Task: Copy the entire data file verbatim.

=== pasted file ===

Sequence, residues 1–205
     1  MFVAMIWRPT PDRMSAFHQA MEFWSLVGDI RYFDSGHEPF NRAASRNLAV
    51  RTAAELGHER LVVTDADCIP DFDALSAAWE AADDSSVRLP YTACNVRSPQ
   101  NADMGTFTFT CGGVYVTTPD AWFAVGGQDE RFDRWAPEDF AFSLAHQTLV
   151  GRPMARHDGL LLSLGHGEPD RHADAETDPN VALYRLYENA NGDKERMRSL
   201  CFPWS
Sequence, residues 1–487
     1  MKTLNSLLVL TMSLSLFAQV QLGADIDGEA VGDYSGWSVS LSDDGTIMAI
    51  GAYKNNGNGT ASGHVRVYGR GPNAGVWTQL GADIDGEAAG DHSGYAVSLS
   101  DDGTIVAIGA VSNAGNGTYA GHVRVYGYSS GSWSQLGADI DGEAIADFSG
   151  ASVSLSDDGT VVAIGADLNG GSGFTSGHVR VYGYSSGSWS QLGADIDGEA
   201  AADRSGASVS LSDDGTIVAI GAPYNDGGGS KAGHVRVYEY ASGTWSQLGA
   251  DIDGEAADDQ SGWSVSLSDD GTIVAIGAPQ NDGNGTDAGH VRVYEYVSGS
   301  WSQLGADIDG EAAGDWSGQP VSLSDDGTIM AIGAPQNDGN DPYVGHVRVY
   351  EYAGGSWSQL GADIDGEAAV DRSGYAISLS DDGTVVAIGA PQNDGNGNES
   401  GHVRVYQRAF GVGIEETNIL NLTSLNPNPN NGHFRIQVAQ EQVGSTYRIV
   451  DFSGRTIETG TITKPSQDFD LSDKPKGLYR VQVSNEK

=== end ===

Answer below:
Sequence, residues 1–205
     1  MFVAMIWRPT PDRMSAFHQA MEFWSLVGDI RYFDSGHEPF NRAASRNLAV
    51  RTAAELGHER LVVTDADCIP DFDALSAAWE AADDSSVRLP YTACNVRSPQ
   101  NADMGTFTFT CGGVYVTTPD AWFAVGGQDE RFDRWAPEDF AFSLAHQTLV
   151  GRPMARHDGL LLSLGHGEPD RHADAETDPN VALYRLYENA NGDKERMRSL
   201  CFPWS
Sequence, residues 1–487
     1  MKTLNSLLVL TMSLSLFAQV QLGADIDGEA VGDYSGWSVS LSDDGTIMAI
    51  GAYKNNGNGT ASGHVRVYGR GPNAGVWTQL GADIDGEAAG DHSGYAVSLS
   101  DDGTIVAIGA VSNAGNGTYA GHVRVYGYSS GSWSQLGADI DGEAIADFSG
   151  ASVSLSDDGT VVAIGADLNG GSGFTSGHVR VYGYSSGSWS QLGADIDGEA
   201  AADRSGASVS LSDDGTIVAI GAPYNDGGGS KAGHVRVYEY ASGTWSQLGA
   251  DIDGEAADDQ SGWSVSLSDD GTIVAIGAPQ NDGNGTDAGH VRVYEYVSGS
   301  WSQLGADIDG EAAGDWSGQP VSLSDDGTIM AIGAPQNDGN DPYVGHVRVY
   351  EYAGGSWSQL GADIDGEAAV DRSGYAISLS DDGTVVAIGA PQNDGNGNES
   401  GHVRVYQRAF GVGIEETNIL NLTSLNPNPN NGHFRIQVAQ EQVGSTYRIV
   451  DFSGRTIETG TITKPSQDFD LSDKPKGLYR VQVSNEK